2) Renting a property
Once you’ve entered the country, your next step is to look for a place to stay – assuming your company hasn’t set you up with a place to move into. Some reputed companies provide free stay to their employees.
But if you’re looking for a place of your own, take note of these steps you’ll need to follow:
1) Search online listings or check with local property agents for apartments or villas. Eliminating the agent, or a middleman, would mean you’ll pay less per month but you may need to trust a landlord completely before committing to
2) After finding the place you want to move to, draw up the agreement.
3) Next, you’ll need to pay 10 per cent of the annual rent as the municipality charge. So, if you’re paying RO500 per month as rent, you’ll need to shell out RO600 upfront.
4) Some landlords may also ask for a security deposit of three months that may be refundable.
5) Most landlords will offer you flexible payment options. You can either pay your rent monthly by cash, or else issue 12 cheques made out to the landlord. The latter can be a bit tedious if your employer has a reputation of delaying payment of your salary.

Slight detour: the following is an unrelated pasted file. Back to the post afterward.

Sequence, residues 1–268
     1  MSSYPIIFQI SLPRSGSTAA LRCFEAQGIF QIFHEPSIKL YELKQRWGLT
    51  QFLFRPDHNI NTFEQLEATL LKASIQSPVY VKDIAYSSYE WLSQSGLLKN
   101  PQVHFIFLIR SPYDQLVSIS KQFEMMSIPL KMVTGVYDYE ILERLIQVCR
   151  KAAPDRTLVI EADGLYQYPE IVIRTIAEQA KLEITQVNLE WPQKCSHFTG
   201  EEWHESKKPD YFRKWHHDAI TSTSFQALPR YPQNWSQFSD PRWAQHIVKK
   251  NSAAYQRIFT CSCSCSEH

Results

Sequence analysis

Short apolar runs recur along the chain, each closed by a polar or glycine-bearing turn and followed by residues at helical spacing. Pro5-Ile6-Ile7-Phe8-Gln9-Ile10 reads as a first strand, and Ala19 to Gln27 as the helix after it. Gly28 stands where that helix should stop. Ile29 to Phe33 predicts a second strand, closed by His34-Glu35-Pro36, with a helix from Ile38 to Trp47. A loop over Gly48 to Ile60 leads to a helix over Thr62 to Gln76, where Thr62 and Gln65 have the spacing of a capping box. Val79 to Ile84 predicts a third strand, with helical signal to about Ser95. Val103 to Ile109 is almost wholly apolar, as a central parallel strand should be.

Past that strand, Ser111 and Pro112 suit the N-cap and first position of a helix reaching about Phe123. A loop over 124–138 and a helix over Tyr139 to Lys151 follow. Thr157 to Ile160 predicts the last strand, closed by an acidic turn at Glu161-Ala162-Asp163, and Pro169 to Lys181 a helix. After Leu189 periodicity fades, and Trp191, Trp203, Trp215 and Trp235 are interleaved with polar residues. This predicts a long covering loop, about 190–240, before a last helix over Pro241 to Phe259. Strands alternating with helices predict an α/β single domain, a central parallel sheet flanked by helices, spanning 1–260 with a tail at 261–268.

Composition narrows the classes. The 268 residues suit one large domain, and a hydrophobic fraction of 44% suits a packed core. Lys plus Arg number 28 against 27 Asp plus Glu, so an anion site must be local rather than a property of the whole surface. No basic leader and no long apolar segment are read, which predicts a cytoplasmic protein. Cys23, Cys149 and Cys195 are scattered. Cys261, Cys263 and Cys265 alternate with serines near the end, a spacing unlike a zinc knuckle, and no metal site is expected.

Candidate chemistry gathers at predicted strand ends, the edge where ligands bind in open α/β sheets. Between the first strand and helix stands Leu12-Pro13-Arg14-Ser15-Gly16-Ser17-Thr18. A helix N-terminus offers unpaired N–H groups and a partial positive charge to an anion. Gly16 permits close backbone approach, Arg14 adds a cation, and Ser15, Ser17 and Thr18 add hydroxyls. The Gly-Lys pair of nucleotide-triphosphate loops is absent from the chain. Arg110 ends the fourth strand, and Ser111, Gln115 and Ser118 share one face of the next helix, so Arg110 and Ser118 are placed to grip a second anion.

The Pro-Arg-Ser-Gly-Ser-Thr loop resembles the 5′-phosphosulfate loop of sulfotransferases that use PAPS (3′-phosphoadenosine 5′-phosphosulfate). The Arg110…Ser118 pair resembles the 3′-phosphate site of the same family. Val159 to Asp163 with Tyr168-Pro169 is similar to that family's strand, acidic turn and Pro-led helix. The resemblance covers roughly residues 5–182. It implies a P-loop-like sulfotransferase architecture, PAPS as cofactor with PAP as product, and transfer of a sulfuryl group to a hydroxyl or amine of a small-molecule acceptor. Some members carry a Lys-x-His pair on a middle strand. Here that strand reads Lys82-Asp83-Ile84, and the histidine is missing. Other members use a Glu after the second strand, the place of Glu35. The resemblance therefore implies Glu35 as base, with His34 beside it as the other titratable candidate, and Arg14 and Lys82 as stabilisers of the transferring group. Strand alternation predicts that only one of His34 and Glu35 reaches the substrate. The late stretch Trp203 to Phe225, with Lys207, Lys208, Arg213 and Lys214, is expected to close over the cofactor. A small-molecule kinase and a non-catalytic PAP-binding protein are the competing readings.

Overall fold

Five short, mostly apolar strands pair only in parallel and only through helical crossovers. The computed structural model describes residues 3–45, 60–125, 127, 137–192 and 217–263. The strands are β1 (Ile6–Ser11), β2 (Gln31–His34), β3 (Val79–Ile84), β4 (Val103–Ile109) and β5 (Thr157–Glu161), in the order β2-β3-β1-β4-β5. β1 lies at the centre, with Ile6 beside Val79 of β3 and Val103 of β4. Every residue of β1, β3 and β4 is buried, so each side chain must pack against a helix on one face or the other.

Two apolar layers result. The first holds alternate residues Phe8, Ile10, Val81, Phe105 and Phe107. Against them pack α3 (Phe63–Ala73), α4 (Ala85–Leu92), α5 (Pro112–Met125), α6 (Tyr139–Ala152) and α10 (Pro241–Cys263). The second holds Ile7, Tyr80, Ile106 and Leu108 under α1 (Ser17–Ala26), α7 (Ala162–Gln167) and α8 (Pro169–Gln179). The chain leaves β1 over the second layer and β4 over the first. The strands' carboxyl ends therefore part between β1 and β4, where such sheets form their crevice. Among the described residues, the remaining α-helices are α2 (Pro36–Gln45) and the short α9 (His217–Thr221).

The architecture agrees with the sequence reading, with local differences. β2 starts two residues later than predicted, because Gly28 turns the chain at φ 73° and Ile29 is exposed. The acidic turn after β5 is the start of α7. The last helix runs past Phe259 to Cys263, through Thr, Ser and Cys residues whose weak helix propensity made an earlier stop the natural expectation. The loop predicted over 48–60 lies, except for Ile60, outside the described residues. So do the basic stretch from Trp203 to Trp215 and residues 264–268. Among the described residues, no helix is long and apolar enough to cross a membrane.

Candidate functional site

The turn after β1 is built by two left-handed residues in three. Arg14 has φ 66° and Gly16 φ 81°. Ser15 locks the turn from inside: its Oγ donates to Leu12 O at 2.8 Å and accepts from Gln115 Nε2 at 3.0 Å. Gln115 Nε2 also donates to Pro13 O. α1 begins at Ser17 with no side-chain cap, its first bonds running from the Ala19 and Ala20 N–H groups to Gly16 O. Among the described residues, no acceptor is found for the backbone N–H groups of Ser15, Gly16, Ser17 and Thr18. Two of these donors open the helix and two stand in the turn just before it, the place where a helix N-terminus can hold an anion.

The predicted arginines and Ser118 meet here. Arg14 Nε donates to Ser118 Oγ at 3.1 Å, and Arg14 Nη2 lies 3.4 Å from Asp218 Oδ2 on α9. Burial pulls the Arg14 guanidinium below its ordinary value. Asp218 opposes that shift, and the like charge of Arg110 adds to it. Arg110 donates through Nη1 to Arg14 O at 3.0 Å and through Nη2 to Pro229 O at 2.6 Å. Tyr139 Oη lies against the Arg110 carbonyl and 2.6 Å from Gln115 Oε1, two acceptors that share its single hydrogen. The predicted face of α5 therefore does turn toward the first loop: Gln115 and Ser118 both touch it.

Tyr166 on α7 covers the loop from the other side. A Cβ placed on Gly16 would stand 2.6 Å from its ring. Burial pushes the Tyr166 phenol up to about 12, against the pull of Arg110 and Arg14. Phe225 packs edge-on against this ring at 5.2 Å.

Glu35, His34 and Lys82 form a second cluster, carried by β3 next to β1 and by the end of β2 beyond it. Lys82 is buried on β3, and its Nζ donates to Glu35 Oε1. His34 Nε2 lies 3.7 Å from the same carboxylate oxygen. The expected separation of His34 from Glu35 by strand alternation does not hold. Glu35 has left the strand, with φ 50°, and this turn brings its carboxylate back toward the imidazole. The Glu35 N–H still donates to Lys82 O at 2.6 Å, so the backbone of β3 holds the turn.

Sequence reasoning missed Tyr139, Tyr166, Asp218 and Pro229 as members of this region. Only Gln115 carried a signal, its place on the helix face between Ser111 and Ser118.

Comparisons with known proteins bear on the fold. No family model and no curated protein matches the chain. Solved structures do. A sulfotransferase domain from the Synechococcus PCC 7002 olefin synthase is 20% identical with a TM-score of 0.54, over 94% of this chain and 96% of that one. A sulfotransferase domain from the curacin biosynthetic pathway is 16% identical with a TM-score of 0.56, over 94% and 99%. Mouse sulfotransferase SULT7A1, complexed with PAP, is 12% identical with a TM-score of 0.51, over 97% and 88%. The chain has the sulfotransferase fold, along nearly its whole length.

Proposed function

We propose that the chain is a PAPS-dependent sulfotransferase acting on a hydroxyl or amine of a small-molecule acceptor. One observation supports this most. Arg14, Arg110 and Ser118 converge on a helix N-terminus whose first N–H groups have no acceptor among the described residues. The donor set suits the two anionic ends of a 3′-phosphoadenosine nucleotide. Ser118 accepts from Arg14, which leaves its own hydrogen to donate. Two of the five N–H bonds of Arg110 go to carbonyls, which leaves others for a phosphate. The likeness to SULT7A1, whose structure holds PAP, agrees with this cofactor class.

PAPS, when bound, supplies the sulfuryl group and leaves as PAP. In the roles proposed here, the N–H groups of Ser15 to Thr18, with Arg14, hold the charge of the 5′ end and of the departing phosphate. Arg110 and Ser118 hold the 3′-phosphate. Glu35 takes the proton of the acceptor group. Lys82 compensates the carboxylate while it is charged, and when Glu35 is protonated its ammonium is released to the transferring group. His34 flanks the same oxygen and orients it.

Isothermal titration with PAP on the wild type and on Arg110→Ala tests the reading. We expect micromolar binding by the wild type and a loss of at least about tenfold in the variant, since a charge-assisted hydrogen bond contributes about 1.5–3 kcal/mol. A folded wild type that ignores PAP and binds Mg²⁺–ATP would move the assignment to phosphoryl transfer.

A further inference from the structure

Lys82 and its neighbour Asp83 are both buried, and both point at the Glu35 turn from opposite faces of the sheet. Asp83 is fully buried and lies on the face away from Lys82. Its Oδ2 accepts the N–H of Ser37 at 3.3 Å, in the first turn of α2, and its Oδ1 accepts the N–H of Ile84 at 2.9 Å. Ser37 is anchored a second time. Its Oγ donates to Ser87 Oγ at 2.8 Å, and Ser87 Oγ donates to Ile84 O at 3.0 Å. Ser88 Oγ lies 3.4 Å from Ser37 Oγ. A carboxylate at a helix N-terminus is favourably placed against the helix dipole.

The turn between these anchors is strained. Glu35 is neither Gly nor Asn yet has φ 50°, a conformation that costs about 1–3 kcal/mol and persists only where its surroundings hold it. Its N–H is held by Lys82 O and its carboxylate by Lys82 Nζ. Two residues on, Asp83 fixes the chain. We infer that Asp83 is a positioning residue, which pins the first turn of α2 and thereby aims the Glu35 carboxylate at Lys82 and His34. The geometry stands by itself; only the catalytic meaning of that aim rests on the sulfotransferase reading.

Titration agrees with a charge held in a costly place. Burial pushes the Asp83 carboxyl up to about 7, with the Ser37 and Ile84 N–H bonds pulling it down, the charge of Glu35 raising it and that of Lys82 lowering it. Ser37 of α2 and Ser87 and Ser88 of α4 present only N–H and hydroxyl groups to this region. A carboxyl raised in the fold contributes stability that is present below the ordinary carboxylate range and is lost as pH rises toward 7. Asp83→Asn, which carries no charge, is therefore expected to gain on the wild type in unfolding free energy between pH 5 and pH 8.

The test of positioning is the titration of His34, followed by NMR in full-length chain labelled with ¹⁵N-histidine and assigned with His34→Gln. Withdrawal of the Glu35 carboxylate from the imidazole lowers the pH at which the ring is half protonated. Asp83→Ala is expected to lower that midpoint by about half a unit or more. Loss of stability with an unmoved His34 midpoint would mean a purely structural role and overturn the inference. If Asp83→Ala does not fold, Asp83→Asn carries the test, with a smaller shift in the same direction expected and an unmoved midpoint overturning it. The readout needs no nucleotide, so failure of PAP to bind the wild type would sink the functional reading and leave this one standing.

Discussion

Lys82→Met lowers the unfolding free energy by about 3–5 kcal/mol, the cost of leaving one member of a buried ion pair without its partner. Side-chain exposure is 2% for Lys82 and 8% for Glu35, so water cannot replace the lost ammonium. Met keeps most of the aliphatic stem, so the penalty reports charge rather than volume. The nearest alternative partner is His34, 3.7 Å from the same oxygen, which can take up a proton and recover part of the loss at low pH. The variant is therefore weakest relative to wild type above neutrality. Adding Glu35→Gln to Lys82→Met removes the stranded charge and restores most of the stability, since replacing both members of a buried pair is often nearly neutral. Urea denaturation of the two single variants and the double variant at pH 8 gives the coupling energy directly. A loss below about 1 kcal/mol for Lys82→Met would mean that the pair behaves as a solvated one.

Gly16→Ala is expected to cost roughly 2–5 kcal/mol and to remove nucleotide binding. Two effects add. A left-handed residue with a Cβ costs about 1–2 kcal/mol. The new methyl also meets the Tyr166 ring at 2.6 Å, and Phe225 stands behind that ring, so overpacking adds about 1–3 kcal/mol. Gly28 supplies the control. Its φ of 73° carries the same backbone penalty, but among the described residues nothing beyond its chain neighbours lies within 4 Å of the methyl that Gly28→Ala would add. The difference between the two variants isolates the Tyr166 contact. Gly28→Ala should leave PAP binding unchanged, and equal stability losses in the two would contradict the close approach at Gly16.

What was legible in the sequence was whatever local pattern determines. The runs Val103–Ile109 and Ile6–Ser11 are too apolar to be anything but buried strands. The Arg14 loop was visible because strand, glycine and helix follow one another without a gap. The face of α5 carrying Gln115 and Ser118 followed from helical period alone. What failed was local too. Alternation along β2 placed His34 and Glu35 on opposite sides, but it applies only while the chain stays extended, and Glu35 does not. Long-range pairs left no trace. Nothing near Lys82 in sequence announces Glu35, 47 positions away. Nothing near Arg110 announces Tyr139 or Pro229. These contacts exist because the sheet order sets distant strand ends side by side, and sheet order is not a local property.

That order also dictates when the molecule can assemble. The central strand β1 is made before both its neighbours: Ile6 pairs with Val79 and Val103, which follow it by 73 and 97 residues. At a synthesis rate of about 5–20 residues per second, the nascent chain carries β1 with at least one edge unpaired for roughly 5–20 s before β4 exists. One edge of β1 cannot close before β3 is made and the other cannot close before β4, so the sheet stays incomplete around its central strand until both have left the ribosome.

6) Move in.
3) Applying for a driver’s licence
Contrary to popular belief, it’s easy to procure a driving licence. It’s just up to you to impress the Royal Oman Police (ROP) officer at the time of your test. But there is a long list of steps you’ll need to follow before you can get your prized licence.
Obtaining it can vary depending on your previous country of residence.
For instance, if you’re a GCC expat with a valid driver’s licence then head to the Directorate General of Traffic in Seeb with a copy of your passport, your valid residence ID, and passport-size photographs.
The conversion should take place quickly, and will set you back RO25.
Note: Saudi Arabian drivers will need to wait for two weeks for their Omani licence. However, there are reports of residents having to wait for up to four months.
Expats from other countries applying for a licence will need to follow these steps:
1) Head to the Directorate General of Traffic and obtain the ‘Green Book’ for RO5. The ROP will not accept cash payments so carry a bank card on you.
2) Take the eye test in the area allocated. It’s a simple test that will entitle you fit to practise driving.